Which is all rather opposite to what Jack Zypes says about it, but I’m more a Ruth B. Bottigheimer kinda guy (seriously, Fairy Godfather is a just plain awesome piece of scholarship). The reason I don’t like Disney’s Beauty and the Beast, despite the lovely animation, is the “I can change him!” angle, with the Beast as a dangerous bad boy who Belle must “tame”, and the fact that she basically abandons her dreams of independence to marry the guy.

  6. I love this film beyond the bounds of reason, but I think I am hugely swayed by the library Belle gets, that library that is just the most beautiful thing I’ve ever seen in my life ever. Also by how hilarious Gaston is to me — the parts of the “Belle” song that feature him are some of my favorite moments in all of Disney. I agree that Beauty and the Beast doesn’t have any of the amazing legendary songs like “A Whole New World” or “Kiss the Girl”; however, I do think that Belle’s original “I want stuff” song just slightly misses the point of what she actually wants. What she really wants is someone to read books with. I ❤ her.

  7. I’ve only seen the film once, and that a very long time ago. I have to agree with Michal that it sounds as though Disney altered the original to fit in with their ideas. Le Prince de Beaumont’s fairy tale has it so that Beauty (or Belle) sees the innate goodness of the Beast enough to fall in love with him. How on earth can the Beast expect any woman to stay and fall in love with him if he’s a jerk to her from the start?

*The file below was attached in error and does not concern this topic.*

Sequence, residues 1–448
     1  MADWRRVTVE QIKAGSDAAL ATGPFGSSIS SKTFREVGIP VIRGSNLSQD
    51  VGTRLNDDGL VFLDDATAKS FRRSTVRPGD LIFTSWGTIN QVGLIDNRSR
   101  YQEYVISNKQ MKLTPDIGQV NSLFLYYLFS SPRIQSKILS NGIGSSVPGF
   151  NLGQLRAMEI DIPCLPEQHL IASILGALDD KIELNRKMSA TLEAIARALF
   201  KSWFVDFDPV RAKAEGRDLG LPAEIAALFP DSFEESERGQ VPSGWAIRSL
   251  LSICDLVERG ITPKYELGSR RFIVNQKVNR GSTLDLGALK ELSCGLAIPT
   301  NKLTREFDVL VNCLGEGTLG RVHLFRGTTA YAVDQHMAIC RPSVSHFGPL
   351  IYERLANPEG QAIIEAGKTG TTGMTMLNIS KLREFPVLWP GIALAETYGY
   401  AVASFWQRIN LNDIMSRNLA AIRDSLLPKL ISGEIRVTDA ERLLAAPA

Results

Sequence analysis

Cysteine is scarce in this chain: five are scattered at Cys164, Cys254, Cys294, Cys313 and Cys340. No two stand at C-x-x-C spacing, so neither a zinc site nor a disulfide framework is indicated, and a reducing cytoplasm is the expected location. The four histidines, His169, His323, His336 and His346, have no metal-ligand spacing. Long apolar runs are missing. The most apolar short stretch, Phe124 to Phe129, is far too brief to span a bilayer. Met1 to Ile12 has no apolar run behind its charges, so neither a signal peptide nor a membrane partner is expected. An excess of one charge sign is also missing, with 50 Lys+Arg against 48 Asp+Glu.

Interestingly, Robin McKinley’s first version of the fairy tale (‘Beauty’) has Beauty be bookish, too – though McKinley makes the sisters nice, but with their own responsibilities which mean they can’t go in their father’s stead.

  8. Pingback: Page to Screen: Frozen (2013) | The Literary Omnivore

  9. If you ask me, I favor Belle over Gaston because I can relate to her but never Gaston because I’ve been antagonized by a number of people like him before. And I’m glad that she ended up with the Prince, who she was able to reform.